•    Linea D’Antipasti Freddi e Caldi (warm and cold appetizers);
•    Linea Di Farinacei e Paste (dishes made from flour and pasta);
•    Linea Di Pesce e di Mare (from fish and the sea);
•    Dalla Terra e dal Cielo (from the land and the sky) and
•    I Peccati dallo Zucchero (the sins of sugar).

Each recipe is illustrated with a close-up shot of the finished dish, and from four to twelve thumbnail shots of the preparation techniques. Nothing is concealed, another thing I really like about both Chiarini and his book – generous in the extreme. 

And accurate. The ingredients are specified right down to the gram, and the recipes give every detail of technique of cooking and presentation.

I have now read them all several times and I have yet to find one ingredient or step that is not fully explained, if not in the recipe itself then in the very extensive glossary or the appendices of techniques, which range from sauces to vibrant-coloured food oils. You will also learn how to dehydrate vegetables and to make ‘edible sand’.

The recipes all give a very useful 'degree of difficulty' score out of 5 (yes, there are recipes at level 1 and 2), approximate time for preparation and cooking, and (the first time I have seen this) the approximate time for serving, so essential when contemplating presentation of this nature.

If you thought that elements of molecular gastronomy are not achievable at home, think again. At least half the recipes are quite doable in a home kitchen, if not in full, then in part, and you will know in advance how much time to allow. You can manage many without professional chef’s equipment, although you will need to allow more time.

What I also like about Chiarini’s book is the element of surprise. It’s not often I see recipes with such unique combinations of flavours, let alone those that marry well. Welcome to true multicultural food; this goes way beyond 'fusion' simply implying chilli or Thai flavours in everything.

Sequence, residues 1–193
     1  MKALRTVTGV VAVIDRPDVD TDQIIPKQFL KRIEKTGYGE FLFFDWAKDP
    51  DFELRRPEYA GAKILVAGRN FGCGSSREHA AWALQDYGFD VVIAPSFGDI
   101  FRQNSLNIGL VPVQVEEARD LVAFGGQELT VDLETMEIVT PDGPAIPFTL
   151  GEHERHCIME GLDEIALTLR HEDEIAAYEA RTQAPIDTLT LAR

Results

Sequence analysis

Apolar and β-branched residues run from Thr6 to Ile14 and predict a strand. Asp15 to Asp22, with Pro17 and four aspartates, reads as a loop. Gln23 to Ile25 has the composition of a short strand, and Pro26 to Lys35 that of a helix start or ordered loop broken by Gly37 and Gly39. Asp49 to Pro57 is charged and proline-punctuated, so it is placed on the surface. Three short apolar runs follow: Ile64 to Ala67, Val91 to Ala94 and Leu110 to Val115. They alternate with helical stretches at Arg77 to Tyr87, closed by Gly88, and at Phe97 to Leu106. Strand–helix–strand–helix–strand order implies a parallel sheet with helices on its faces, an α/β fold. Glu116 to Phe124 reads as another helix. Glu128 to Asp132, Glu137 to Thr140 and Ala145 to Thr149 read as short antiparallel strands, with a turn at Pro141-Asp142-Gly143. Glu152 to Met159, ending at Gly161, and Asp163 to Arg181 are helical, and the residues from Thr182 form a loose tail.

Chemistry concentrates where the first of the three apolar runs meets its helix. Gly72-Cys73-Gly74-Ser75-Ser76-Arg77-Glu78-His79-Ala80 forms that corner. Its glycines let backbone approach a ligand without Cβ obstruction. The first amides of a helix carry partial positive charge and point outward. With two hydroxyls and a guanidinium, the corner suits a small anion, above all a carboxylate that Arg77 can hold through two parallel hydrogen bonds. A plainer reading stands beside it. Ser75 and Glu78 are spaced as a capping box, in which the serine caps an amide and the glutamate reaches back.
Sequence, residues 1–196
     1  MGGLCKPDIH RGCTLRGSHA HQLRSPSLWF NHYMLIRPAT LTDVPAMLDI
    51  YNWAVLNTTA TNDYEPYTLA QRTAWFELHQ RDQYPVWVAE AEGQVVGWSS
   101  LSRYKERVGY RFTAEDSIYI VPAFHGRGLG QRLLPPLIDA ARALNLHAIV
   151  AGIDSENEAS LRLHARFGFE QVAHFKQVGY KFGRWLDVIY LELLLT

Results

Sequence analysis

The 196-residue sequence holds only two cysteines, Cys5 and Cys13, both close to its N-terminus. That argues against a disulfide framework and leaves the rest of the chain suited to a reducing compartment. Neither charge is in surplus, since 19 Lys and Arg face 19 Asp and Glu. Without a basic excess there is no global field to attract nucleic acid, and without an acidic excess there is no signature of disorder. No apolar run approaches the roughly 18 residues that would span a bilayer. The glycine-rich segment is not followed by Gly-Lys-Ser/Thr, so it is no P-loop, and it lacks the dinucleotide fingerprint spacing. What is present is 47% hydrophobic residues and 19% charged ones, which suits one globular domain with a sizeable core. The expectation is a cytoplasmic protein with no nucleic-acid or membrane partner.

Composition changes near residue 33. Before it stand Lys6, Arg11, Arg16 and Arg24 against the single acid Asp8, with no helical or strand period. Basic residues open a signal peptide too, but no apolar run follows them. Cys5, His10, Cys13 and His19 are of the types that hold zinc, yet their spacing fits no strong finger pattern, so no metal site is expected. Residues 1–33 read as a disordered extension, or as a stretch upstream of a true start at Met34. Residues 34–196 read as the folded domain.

The New Renaissance of Italian Fusion Cuisine 1.0 is full of new ideas and inspiration for both chefs and home cooks who want to take their culinary repertoire and food presentation skills to an entirely new level. You may not have the time, dedication, skill or artistic flair to reproduce an entire Chiarini dish, but you can certainly create a part, and serve it alone or with one of your own related recipes.

One friend, a fanatic follower of Heston Blumenthal and all things molecular, described Charini’s book as ‘The best food porn I’ve ever seen! I love the look of but can’t make the recipes in The Fat Duck Cookbook – I don’t have a commercial kitchen, or ten staff. But I could make some of these at home. Where can I get this book?’

You should be asking the same question, especially if you are a chef.

And so, to the multicultural dishes themselves. The antipasti dishes include Italian/Asian (for example, Lobster-lime Carpaccio, Red Beets/Ginger emulsion garnished with Basil-Sake sorbet quenelle) and Italian/Middle Eastern (e.g. Turkey bacon-Halloumi-Ratatouille soufflé over sheep’s milk and Vanilla foamy sauce). There are Italian/Caribbean and South American fusions from Venezuela and Puerto Rico, Italian/African (from Cameroon and Ethiopia) and other seemingly unlikely combinations that when presented here, look so …. right.

As reflects Chiarini’s Italian culinary tradition, pasta follows, but this is not pasta as you or I may know it. There’s an Italian/Japanese fusion: Basil and Carrots Tagliolini, Lemon/Taleggio cheese sauce and Smoked Scallop Tempura (with a very good guide to smoking in the appendix); Italian/Syrian; Lebanese; Columbian; Brazilian; ‘inter-European’; even Italian/Sri Lankan: Godhamba Roti Orecchiette with Gorgonzola/Basil and Crispy Lavender.